I thought about this quite a bit before at various times so this is just my brain dump of it but the summary is that I think obscurity provides a very valuable vector in defense posture of any system. In particular, it serves as a:
Deterrent - By making you seem not easily visible to attackers (like a port-remap of common services), increasing the difficulty to be exploited, and/or increasing the perception of cost/benefit from the attacker’s point of view.
Attacker “Tarpit” - Writing exploits and executing attacks for a system is usually the most predictable and “cookie-cutter” part of an attack while all the rest is information collection. Having a layer of obscurity adds to the time needed for that latter part.
If you combine a layer of obscurity with baits and/or honeypots, I believe that you can thwart all but the most strictly focused-on-you attackers.
Imagine an Internet-facing server but instead of just moving the
sshd port, you just proxy those connections to a DMZ throwaway honeypot/tarpit machine with a tarpit while your real SSH daemon is hidden behind port-knocking logic on a completely different port from that. My guess would be that you would decrease your chance of successful attack by orders of magnitude unless the attacker knew the exact topology of this setup.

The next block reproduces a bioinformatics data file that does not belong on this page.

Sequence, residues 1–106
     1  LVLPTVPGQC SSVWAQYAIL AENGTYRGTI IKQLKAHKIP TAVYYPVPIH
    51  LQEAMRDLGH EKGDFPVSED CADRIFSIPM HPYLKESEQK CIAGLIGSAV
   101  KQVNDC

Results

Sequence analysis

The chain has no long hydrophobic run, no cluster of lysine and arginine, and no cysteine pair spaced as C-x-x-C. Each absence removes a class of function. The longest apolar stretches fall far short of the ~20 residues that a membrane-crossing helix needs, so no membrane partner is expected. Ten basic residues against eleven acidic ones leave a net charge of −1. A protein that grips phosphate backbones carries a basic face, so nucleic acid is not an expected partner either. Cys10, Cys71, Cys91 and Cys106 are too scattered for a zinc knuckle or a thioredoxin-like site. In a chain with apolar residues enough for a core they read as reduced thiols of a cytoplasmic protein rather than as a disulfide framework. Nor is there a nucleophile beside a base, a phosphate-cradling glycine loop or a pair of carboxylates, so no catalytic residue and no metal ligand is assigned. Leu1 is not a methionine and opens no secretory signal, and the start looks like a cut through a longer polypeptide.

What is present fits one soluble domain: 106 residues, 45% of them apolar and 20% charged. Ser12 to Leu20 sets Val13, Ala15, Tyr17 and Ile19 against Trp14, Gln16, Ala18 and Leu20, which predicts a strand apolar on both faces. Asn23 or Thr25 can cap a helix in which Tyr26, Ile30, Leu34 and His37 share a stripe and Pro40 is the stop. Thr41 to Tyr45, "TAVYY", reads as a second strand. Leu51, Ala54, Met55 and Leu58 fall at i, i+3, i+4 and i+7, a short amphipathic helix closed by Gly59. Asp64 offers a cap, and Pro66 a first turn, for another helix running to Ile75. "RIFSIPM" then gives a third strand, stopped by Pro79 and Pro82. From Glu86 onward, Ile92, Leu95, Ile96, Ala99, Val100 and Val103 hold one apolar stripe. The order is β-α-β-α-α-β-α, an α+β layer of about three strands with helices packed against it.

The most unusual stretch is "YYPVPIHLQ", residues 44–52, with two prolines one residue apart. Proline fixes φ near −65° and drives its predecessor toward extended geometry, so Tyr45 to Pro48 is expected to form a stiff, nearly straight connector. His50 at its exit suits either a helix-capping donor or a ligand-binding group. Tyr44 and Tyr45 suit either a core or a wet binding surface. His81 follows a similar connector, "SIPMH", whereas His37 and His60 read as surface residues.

Then to continue this, what if you then intentionally change some
sshd protocol handshake to intentionally mislead attack tools to make it not fingerprint it as “
ssh”? What if you make
sshd selectively stealth-proxy you to a tarpit depending on the client info (eg. version, ip blocks, country of origin, etc)? All of these would highly likely reduce attacks by orders of magnitude even further and they all leverage the fact that the attacker is lacking critical information required for a successful attack.
This all however increases dev/ops/maintenance/support costs and often it also increases pain for the system’s real user trying to utilize the services obscured so it’s not without its downsides. Also, after the obscured knowledge becomes public (which it inevitably does), the whole layer loses most of its efficacy so it’s advantageous to have it be created in a modular way for easier removal after that happens.